Top 4 Nutrients for Women

By Bridgette Clare, RHN on March 17, 2015 , categorized in Plant-based Nutrition

Do women really need to eat differently than men? You bet we do. Let’s face it; we are special, and require special nutrients.  With International Women’s Day on March 8th, let’s celebrate how special we are by taking a closer look at the top four nutrients for women.

Iron

  • Why you need it?

Iron aids in the production of red blood cells and supports red blood cells in their work of carrying nutrients and oxygen throughout your body1National Institutes of Health. (2013). Dietary Supplement Fact Sheet: Iron. Retrieved February 18, 2014, from http://ods.od.nih.gov/factsheets/Iron-HealthProfessional/.  Dietary iron is available in two main forms, which are heme, found in animal-based foods and non-heme, found in both animal and plant-based foods.2NIH reference National Institutes of Health. (2013). Dietary Supplement Fact Sheet: Iron. Retrieved August 28, 2016, from http://ods.od.nih.gov/factsheets/Iron-HealthProfessional/ Special considerations:

Adult women of child bearing years, between the ages of 19 and 50, have higher iron needs than men in that same age range because of menstruation. Our monthly cycle means a loss of blood, which can translate to a loss of iron. To avoid iron deficiency (anemia), women in this age range are recommended to have 18mg of iron per day (compared to 8mg for men). During, pregnancy iron needs increase further and 27mg per day is recommended. After menopause our Recommended Dietary Allowance for iron decreases to the same as men: 8mg per day3National Institutes of Health. (2013). Dietary Supplement Fact Sheet: Iron. Retrieved August 28, 2016, from http://ods.od.nih.gov/factsheets/Iron-HealthProfessional/.If you suspect that you have an iron deficiency, speak with your health care practitioner.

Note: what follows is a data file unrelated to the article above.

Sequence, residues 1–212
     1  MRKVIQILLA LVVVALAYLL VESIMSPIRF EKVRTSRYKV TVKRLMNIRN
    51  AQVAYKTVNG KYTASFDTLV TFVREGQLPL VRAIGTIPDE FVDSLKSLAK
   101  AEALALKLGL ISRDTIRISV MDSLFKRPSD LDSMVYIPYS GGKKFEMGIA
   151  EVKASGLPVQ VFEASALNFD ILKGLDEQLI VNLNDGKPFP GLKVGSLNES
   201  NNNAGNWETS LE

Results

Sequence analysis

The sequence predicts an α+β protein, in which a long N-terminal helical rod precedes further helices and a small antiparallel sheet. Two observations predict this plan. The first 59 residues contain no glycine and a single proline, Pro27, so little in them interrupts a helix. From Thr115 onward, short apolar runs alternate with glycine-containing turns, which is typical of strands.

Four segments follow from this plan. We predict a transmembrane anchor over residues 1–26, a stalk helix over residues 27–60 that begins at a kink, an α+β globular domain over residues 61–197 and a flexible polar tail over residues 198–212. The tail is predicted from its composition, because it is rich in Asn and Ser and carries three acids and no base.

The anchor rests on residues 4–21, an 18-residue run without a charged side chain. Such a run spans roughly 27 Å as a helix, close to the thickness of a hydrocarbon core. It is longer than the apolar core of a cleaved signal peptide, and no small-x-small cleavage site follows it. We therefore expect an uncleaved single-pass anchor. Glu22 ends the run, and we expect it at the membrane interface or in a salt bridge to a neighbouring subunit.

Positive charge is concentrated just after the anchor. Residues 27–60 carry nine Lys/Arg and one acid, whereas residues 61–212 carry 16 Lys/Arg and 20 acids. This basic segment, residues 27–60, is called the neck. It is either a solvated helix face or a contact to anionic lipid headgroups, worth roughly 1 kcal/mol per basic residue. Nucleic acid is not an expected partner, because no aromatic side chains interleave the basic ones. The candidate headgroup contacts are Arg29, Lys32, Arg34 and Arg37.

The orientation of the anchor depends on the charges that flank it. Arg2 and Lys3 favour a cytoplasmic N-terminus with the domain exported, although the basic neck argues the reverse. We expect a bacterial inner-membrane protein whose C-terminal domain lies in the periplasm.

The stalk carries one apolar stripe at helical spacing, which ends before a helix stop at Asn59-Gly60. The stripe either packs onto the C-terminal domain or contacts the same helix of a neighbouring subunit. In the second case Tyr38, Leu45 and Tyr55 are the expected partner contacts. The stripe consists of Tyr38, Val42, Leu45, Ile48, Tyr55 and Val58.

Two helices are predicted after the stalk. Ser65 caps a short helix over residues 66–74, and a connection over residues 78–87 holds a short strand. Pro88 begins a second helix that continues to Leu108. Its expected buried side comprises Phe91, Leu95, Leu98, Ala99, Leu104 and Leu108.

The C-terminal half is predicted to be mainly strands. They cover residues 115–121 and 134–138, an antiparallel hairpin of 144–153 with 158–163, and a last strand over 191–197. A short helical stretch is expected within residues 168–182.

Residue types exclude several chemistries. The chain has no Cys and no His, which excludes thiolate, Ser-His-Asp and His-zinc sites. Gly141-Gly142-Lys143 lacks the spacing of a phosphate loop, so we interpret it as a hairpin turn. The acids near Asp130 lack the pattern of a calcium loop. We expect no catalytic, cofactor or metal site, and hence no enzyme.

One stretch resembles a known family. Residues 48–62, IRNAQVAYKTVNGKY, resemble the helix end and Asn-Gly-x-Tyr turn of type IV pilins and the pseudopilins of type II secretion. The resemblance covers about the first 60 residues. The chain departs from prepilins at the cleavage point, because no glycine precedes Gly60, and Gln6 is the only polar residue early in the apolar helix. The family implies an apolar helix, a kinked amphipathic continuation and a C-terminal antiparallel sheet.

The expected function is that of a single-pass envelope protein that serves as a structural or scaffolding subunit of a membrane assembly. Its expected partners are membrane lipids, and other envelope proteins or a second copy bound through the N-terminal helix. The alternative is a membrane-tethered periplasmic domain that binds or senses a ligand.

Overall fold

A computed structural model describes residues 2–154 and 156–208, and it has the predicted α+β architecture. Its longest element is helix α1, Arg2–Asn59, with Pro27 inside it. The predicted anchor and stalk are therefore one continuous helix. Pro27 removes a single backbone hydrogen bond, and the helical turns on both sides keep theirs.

• Where can you get it?

Some  good sources for plant-based iron are4National Institutes of Health. (2013). Dietary Supplement Fact Sheet: Iron. Retrieved August 28, 2016, from http://ods.od.nih.gov/factsheets/Iron-HealthProfessional/ fortified grains, white beans, dark chocolate, and Vega OneTM is a convenient option.

  • Tips for improved iron absorption:

Combine iron-rich foods with those that contain vitamin C, such as lemons, red and yellow peppers and broccoli. Vitamin C aids in bioavailability of the non-heme iron5NIH reference National Institutes of Health. (2013). Dietary Supplement Fact Sheet: Iron. Retrieved August 28, 2016, from http://ods.od.nih.gov/factsheets/Iron-HealthProfessional/, found in plant-based foods.

 

Folate (Folic Acid)

  • Why you need it?

Folate (folic acid when consumed as a supplement) is a B vitamin that’s needed to make DNA and other genetic material and for cell division.6National Institutes of Health. (2013). QuickFacts: Folate. Retrieved August 28, 2016, fromhttp://ods.od.nih.gov/factsheets/Folate-QuickFacts/

  • Special considerations:

Women and teen girls should make sure they’re getting at least 400 mcg/day of folate and pregnant women should have 600mcg/day. 7National Institutes of Health. (2013). QuickFacts: Folate. Retrieved August 28, 2016, from https://ods.od.nih.gov/factsheets/Folate-HealthProfessional/

Folate (the naturally occurring form found in food) is found in vegetables such as spinach, romaine lettuce, avocado and Brussels sprouts

 

Calcium9National Institutes of Health. (2013). Dietary Supplement Fact Sheet: Calcium. Retrieved February 19, 2014, from  http://ods.od.nih.gov/factsheets/Calcium-HealthProfessional/#h4

  • Why you need it?

Calcium is the most abundant mineral in your body, with the majority stored in the bones and teeth where it plays an important role in their function and structure.